This is the total demand in the economy.
It is made up of:
This is the total supply in the economy.
Figure represents a simplistic model of an economy.
Governments may provide goods/services that are a natural monopoly (water/electricity).
Essential goods such as health care, education and police forces are often provided by the government.
Governments may provide merit goods such as public swimming pools, libraries and sports centres.
This focuses on controlling changes in the money supply, interest rates & exchange rate.
Contractionary Monetary Policy: raising interest rates and reducing money supply to reduce AD.
Expansionary Monetary Policy: reducing interest rates and increasing the money supply to increase AD.
This focuses on changes in government expenditure and taxation.
Reflationary Fiscal Policy: increasing gov spending and reducing taxation to increase AD.
Contractionary Fiscal Policy: reducing gov spending and increasing taxation to reduce AD.
Market Orientated Supply Side Policies
Interventionist Supply Side Policies
But taxation itself is a general term, as there are different types of taxes. In general we can identify:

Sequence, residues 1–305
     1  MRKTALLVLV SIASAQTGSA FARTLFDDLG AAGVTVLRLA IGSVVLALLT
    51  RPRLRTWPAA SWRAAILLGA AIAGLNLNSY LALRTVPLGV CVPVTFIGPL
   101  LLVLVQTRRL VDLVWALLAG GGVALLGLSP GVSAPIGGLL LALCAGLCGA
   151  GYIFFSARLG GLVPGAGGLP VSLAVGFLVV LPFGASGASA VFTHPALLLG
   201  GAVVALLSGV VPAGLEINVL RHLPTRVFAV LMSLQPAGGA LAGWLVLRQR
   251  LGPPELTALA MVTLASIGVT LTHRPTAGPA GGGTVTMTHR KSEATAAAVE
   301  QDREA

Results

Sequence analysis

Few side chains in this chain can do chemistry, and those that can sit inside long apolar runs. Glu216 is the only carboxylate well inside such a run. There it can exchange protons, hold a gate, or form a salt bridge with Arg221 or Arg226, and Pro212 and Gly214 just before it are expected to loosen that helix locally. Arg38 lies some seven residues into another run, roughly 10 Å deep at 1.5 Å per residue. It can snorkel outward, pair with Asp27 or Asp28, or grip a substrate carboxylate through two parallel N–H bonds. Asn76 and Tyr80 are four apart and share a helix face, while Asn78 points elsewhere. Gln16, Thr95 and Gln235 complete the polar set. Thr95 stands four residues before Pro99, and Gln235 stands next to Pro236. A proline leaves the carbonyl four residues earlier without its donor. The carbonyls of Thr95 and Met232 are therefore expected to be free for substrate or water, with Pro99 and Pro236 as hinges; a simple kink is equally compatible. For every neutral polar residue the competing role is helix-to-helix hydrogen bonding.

With a progressive taxation system, citizens are put into ‘income earning bands’ and charged taxation according to these bands. The higher your income, the greater percentage of taxation that you need to pay on income in a particular bracket.
Regressive taxation is the opposite to progressive taxation; the higher your income, the less percentage you pay in tax. Once again, citizens are allocated a tax band and must pay accordingly.
In this case, citizens pay the same percentage in tax, regardless of their income. There are no tax bands – everyone pays the same % - for example 10%. If you earn $100 a year, you thus pay $10. If you earn $100 000 a year, you pay $100. Again, note that the amount each person pays is different but the percentage is the same.